Paper published in Science

Last week a paper that I co-authored was published in Science!  Here is a link to the paper, Origin and hysteresis of lithium compositional spatiodynamics within battery primary particles, and here are several press releases related to the research:

Although the major findings in this work were accomplished by experimental collaborators at Stanford and LBNL, the motivation for the experiments came in part from my postdoc work, where we simulated the heterogeneity of lithium in battery nanoparticles and made several controversial predictions. We calculated that the properties of individual nanoparticles should be significantly different from the measured properties of battery electrodes, which are comprised of billions of particles. Thus the challenge was to build a battery out of a single nanoparticle and measure its properties.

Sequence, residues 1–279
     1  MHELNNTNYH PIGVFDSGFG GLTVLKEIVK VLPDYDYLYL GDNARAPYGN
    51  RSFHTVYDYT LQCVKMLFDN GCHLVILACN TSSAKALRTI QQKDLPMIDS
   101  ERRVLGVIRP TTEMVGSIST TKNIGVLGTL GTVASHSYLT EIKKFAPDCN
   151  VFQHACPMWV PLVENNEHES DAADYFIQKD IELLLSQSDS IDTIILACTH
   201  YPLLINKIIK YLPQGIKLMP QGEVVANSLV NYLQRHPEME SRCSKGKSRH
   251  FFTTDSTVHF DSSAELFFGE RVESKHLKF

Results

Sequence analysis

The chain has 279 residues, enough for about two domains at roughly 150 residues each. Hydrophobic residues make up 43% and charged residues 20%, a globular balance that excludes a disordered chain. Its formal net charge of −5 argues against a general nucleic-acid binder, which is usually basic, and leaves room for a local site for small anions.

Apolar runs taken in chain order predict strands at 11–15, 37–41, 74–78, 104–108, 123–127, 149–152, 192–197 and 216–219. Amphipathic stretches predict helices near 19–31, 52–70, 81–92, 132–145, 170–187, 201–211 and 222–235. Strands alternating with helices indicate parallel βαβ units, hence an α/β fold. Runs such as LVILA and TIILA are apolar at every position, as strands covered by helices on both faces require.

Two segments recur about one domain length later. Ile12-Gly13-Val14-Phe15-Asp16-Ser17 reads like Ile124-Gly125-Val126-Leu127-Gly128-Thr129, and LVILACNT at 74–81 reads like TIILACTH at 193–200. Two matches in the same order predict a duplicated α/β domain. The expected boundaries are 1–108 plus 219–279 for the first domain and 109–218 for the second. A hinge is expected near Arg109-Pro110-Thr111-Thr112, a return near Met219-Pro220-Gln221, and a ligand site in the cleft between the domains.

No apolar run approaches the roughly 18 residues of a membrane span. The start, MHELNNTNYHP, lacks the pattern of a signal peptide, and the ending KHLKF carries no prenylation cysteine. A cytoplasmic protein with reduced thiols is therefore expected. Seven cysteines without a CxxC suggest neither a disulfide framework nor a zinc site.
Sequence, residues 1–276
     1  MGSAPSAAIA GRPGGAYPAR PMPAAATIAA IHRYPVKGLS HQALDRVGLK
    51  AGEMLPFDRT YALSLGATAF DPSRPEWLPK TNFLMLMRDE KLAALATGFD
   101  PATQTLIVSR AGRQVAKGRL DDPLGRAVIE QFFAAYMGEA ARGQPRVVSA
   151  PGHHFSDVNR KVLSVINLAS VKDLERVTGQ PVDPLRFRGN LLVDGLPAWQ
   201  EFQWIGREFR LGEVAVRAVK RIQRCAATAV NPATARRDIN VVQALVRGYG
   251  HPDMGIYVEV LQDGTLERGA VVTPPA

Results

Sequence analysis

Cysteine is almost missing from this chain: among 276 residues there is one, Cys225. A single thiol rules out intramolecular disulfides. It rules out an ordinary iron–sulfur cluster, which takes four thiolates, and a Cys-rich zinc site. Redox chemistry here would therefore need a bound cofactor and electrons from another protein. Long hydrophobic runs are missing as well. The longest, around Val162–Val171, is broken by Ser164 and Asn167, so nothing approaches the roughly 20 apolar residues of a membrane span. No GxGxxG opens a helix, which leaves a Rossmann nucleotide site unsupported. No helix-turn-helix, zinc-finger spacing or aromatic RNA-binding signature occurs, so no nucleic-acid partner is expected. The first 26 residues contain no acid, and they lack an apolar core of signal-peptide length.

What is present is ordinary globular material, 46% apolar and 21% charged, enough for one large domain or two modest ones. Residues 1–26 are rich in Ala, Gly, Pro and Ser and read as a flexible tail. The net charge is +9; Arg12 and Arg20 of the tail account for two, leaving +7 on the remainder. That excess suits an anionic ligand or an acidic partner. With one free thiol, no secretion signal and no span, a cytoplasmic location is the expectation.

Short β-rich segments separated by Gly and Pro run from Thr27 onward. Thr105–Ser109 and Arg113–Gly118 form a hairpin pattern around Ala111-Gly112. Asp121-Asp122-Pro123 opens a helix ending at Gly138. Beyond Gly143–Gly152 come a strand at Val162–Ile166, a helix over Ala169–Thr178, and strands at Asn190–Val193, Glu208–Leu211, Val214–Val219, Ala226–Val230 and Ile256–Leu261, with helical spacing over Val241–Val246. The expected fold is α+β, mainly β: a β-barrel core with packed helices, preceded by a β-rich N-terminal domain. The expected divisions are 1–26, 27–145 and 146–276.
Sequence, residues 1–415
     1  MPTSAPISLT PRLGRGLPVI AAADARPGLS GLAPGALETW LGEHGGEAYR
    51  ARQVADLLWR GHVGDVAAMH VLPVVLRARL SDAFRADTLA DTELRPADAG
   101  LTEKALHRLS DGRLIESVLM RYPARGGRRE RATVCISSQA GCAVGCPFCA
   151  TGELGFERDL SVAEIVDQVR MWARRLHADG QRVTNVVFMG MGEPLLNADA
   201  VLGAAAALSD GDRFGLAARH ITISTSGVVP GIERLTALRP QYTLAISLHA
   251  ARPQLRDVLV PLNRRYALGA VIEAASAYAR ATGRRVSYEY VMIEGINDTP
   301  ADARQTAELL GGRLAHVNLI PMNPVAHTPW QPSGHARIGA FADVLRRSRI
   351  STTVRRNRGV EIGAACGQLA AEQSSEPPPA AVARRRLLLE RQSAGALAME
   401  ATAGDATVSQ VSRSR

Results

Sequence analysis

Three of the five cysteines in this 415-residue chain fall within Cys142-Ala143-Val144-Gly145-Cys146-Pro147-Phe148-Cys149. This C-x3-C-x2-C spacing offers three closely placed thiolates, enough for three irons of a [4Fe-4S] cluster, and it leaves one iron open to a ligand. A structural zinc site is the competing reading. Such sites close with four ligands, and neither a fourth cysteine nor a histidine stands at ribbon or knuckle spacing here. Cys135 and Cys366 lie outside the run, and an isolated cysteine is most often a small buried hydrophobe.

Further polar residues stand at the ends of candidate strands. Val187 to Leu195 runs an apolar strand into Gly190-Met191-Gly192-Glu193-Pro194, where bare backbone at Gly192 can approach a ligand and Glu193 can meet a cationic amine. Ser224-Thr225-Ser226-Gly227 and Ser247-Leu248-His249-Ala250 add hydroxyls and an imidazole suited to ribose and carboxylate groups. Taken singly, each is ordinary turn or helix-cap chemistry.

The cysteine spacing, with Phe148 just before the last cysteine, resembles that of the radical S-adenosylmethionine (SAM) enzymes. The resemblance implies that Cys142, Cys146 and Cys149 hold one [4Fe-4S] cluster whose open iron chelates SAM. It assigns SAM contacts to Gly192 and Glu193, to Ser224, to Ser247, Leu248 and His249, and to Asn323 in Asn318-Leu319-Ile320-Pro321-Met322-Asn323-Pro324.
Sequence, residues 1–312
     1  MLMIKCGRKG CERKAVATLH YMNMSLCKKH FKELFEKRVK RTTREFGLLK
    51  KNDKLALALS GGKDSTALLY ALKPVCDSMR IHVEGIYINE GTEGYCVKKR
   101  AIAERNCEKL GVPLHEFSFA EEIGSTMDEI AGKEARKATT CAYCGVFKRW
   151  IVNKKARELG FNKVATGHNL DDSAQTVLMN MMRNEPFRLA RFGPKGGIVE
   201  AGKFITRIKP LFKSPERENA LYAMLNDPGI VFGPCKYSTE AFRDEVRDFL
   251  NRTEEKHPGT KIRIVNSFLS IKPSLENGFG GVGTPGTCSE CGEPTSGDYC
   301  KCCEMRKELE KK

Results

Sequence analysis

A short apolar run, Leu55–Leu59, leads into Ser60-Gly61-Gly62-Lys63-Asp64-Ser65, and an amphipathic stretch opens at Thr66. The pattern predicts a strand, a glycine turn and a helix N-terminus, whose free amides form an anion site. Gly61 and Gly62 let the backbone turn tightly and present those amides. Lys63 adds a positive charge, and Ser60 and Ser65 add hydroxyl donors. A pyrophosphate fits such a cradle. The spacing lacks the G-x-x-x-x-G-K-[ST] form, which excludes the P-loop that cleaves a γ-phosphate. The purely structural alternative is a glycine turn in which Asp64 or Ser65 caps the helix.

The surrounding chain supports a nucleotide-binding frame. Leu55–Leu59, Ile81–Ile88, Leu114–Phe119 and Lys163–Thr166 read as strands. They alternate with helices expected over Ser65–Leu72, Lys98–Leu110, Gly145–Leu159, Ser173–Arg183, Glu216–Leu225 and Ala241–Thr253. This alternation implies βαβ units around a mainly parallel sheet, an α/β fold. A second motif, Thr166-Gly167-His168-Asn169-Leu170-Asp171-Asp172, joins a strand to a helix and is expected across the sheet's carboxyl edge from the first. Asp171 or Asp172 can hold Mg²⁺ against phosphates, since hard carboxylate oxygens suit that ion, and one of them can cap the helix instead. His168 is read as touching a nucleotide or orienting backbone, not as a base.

It took several years, but this paper conclusively verifies the prediction of a heterogeneous reaction rate in LiFePO4 with a beautiful set of experiments. Our colleagues at Stanford made a rechargeable battery out of a few nanoparticles, and invented a way to image the chemical composition of the particles as they were cycled in a liquid electrolyte (inside a synchrotron). Below is the first ever video of LiFePO4 nanoparticles being charged and discharged.

Nano Letters paper

This week I had a paper on nucleation phenomena in nanoparticles accepted to the journal Nano Letters. The major conclusions of the work is that nucleation of a second phase is likely to always occur at the surfaces of nanoparticles, and the barrier energy is size dependent as a result of coherency strain, and scales with a particle’s area/volume ratio. The barrier disappears below a critical size. A preprint of the paper is available here. Below is a video of a LiFePO4 nanoparticle being discharged. The lithiated phase forms at the edges of the particle and then moves inward as the particle fills.